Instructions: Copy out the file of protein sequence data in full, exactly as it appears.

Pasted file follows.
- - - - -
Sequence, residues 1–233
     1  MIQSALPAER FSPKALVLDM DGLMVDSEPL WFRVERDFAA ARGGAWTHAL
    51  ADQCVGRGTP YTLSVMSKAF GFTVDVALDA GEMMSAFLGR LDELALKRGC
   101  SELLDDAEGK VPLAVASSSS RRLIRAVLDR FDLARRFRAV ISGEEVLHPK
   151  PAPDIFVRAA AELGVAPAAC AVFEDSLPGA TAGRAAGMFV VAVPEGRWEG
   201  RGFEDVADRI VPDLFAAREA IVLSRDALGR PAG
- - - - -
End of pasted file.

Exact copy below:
Sequence, residues 1–233
     1  MIQSALPAER FSPKALVLDM DGLMVDSEPL WFRVERDFAA ARGGAWTHAL
    51  ADQCVGRGTP YTLSVMSKAF GFTVDVALDA GEMMSAFLGR LDELALKRGC
   101  SELLDDAEGK VPLAVASSSS RRLIRAVLDR FDLARRFRAV ISGEEVLHPK
   151  PAPDIFVRAA AELGVAPAAC AVFEDSLPGA TAGRAAGMFV VAVPEGRWEG
   201  RGFEDVADRI VPDLFAAREA IVLSRDALGR PAG